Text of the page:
In your described dialog with her there is a strong undercurrent of seething anger from you. These situations tend to escalate until you have a rubbed raw, hair trigger temper for her casual treatment of you, and she thinks you’re an angry, volatile bitch. Unless you can be realistic about the practical limits of her emotional investment in your household and control your temper on these issues, you are likely headed for a divorce.

You’ve gotten a lot of good suggestions here about winning your daughter’s respect (not that I think you should have to ingratiate yourself, but sometimes you go with what works.)

I’d suggest another possible avenue, to be combined with other suggestions as you see fit.

As the woman of the house, you DO wield power. Do you make dinner? Do you do laundry? Do you buy the batteries for the TV remote control?

Start excercising your power where you have it, and show that there are plenty of reasons for you to get proper deference in the household.

Yes dear, I only made enough dinner for me, my son, and our infant. When you start to take my problems seriously, perhaps I’ll think about making dinners for everyone again.

Yes dear, I cleaned my clothes but yours are still in a stinky pile in the laundry room. If you’d like clean clothes, you can do them yourself or you can start treating me with the respect I deserve as a human being and an authority figure in this household.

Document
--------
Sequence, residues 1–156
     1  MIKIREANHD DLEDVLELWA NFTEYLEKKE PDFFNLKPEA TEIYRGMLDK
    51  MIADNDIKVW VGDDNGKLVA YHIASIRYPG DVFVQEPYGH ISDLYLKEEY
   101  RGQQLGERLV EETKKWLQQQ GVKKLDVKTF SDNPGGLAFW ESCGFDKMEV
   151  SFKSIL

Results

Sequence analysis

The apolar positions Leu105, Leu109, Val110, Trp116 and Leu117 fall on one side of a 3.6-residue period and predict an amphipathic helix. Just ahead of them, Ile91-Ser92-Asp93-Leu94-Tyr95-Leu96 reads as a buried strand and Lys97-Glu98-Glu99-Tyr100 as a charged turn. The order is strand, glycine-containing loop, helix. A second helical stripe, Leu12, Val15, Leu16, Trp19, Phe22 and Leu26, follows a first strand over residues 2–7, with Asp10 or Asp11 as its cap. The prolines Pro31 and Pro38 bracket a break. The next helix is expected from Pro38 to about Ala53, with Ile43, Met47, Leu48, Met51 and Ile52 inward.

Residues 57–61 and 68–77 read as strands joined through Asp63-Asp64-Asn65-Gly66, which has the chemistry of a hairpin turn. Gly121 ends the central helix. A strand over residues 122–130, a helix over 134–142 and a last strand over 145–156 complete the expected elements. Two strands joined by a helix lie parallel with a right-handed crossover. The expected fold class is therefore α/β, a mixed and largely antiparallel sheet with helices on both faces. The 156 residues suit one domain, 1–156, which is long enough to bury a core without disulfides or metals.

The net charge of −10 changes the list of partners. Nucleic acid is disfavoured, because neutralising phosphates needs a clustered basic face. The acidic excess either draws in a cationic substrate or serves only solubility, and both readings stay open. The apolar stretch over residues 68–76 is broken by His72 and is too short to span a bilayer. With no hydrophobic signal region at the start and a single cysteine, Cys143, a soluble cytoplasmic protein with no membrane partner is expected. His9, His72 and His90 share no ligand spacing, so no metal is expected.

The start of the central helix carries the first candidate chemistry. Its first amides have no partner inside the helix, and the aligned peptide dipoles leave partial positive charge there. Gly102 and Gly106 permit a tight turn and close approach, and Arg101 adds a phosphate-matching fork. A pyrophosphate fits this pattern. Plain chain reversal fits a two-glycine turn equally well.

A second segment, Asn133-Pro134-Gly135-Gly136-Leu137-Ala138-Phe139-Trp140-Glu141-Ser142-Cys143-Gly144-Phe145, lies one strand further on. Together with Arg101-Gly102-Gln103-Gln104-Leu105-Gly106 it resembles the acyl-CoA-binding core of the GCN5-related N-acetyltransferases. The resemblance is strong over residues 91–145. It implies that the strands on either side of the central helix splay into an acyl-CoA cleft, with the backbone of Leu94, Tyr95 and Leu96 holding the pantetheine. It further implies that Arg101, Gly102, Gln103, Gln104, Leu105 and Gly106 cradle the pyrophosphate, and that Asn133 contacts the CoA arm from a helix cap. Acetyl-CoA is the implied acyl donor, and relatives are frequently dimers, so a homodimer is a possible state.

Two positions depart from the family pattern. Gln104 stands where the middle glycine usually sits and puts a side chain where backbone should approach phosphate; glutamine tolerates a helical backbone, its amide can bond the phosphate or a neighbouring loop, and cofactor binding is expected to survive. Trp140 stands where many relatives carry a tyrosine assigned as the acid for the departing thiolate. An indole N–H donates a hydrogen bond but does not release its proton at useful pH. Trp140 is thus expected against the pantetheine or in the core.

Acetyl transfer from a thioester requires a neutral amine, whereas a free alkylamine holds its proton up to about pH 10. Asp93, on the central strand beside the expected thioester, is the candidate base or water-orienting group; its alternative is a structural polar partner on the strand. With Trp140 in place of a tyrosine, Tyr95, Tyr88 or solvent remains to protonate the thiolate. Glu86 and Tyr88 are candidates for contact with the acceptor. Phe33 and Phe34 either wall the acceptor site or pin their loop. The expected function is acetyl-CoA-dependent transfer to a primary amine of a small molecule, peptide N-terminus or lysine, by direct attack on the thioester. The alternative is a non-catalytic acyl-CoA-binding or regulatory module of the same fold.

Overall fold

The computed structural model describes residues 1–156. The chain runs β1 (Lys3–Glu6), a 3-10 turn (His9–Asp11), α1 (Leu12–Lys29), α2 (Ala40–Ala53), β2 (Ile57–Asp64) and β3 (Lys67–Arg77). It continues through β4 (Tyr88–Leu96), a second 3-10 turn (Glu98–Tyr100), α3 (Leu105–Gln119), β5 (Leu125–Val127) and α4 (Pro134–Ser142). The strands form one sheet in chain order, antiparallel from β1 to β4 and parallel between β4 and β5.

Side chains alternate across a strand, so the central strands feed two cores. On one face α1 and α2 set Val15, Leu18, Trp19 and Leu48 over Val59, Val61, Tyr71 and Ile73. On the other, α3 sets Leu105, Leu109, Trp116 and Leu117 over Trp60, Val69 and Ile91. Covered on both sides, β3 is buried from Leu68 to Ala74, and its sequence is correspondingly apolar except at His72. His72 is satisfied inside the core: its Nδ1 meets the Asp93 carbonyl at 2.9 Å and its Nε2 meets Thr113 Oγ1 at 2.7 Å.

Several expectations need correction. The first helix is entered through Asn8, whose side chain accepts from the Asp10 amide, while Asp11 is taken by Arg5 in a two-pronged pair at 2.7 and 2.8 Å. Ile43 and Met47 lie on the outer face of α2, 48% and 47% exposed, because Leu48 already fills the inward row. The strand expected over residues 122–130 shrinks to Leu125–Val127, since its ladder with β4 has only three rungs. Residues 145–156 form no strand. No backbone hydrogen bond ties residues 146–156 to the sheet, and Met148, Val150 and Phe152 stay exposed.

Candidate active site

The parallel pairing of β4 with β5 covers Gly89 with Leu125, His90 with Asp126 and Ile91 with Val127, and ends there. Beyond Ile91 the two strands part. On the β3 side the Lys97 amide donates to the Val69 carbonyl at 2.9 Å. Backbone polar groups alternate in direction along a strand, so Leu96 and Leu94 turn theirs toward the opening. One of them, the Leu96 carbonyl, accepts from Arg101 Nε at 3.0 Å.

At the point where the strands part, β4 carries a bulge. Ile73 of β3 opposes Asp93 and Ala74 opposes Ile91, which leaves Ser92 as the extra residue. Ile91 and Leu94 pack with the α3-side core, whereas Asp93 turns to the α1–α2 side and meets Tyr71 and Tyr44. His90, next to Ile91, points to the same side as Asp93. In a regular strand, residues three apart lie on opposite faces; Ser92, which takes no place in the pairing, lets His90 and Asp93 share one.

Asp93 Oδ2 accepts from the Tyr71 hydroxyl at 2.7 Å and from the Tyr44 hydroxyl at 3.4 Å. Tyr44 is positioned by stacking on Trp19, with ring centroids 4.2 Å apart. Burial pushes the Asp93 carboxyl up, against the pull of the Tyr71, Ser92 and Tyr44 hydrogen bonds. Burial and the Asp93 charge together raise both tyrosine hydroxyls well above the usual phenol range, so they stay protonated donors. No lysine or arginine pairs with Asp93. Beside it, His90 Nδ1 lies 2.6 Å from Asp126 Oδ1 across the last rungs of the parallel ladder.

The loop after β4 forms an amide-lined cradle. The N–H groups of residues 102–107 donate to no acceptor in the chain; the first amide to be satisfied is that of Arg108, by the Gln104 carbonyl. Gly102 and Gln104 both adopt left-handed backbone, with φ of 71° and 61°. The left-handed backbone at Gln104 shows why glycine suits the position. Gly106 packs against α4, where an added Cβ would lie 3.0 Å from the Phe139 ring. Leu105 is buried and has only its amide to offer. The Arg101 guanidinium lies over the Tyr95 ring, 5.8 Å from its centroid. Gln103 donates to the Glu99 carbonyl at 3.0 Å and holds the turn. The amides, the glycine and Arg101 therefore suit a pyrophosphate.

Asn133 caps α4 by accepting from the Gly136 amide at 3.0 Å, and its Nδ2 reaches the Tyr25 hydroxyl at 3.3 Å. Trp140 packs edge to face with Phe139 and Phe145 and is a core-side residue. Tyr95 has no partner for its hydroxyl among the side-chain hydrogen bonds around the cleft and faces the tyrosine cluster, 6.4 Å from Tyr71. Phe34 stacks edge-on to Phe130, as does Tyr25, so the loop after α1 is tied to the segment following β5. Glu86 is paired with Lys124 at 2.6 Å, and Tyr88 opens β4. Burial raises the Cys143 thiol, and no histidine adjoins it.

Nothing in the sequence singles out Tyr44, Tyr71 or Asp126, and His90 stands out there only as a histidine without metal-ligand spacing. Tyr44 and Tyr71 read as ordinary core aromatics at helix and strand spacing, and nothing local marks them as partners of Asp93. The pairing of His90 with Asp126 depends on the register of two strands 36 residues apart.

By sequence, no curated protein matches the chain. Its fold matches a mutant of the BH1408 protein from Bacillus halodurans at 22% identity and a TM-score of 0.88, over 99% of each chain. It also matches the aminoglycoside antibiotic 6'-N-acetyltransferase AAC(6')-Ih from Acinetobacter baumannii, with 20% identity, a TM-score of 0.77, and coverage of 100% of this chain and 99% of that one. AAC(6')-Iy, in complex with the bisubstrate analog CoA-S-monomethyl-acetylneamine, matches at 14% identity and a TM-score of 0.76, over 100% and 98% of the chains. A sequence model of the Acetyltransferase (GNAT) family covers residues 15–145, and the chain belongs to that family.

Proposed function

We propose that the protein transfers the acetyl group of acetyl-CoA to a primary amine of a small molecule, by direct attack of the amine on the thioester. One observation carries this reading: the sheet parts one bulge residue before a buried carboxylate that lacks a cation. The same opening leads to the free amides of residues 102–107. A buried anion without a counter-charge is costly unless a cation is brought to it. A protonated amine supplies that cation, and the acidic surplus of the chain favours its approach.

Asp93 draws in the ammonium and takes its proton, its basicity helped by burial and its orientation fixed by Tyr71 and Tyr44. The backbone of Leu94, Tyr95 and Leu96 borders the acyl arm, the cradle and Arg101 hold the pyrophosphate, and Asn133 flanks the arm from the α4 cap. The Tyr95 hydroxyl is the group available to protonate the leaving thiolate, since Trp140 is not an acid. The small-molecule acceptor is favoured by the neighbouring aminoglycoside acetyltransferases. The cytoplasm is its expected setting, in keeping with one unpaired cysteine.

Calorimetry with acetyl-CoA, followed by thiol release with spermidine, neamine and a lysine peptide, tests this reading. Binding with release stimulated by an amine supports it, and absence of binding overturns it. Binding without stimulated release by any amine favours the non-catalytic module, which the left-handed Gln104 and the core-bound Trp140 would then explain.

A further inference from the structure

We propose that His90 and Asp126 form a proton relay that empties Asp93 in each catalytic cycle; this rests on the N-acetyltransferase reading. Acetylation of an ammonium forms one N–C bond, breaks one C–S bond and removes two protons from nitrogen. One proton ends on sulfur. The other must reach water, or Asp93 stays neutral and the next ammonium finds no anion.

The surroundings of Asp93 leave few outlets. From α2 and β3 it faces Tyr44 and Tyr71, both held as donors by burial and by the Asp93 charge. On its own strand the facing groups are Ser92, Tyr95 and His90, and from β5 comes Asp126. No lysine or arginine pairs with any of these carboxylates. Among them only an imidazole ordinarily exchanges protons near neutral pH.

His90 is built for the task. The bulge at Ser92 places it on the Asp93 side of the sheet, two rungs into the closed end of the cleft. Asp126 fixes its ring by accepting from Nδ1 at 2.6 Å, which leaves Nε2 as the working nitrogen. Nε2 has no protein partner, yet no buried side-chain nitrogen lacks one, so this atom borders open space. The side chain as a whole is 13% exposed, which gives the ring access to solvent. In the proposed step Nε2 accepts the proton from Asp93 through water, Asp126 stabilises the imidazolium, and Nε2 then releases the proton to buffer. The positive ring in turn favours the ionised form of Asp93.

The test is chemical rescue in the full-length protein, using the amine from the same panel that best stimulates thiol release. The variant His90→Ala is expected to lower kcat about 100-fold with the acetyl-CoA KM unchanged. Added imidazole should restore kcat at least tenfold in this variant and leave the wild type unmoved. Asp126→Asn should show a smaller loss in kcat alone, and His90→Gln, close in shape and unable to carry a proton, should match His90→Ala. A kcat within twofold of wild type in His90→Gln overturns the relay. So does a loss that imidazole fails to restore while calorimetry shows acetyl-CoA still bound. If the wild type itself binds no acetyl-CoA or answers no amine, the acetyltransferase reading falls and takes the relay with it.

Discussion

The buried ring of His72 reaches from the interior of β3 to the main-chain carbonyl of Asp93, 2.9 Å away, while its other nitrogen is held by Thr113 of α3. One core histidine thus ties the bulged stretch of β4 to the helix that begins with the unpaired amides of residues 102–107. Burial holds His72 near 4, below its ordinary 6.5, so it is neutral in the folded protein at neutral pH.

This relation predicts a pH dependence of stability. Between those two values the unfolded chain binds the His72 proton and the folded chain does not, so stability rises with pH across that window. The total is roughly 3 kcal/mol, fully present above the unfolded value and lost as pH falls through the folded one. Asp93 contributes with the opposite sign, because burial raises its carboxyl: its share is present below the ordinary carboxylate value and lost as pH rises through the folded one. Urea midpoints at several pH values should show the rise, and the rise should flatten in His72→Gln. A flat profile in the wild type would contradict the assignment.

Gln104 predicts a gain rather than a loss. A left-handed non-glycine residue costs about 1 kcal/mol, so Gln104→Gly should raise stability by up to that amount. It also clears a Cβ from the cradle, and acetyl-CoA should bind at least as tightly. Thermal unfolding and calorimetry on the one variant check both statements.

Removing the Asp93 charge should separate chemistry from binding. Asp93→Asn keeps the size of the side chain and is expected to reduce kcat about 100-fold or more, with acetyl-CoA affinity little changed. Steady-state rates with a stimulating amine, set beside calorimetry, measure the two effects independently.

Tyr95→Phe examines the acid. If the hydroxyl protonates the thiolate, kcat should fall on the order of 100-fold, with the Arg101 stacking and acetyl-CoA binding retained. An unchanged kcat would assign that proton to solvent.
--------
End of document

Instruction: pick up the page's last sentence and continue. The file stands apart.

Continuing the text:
No, sorry, no TV until you perform the tasks assigned to you. This si the part of your rant that confuses me the most. I’d be standing in front of the television, or pulling out the plug, so she isn’t watching ANYTHING until she completes what’s been asked of her.

In short, make her realize that life can get much harder than it is, and that you intend to head down that road if it’s what it takes to get respect.

But then, what do I know, I have a 2 year old, so making her do anything is a pretty good challenge.

You’re assuming that she would care. She doesn’t change his diapers to be of assistance to me. She changes his diapers so she can wrap herself up in a hug and congratulate herself for being “such a good person.” I assure you that she does nothing for the benefit of anyone other than herself. I have observed her for quite a long time.

Believe me, I was tempted.

I can’t even get her to acknowledge my existence. She has no interest in spending any alone time with me. She doesn’t even directly address me. She asks her dad to ask me questions.

During the school year, her father tightens the reins a bit. She lives with us full time. Occasionally, on weekends, she will stay a night or two with friends or at her mom’s. This is no different than any other family that includes mobile teenagers. She is very much a part of this family. She is here every night for dinner. We watch movies together. We play games together. Just because she has the option to spend time with her mother doesn’t mean she shouldn’t consider herself to be part of a “nuclear” family.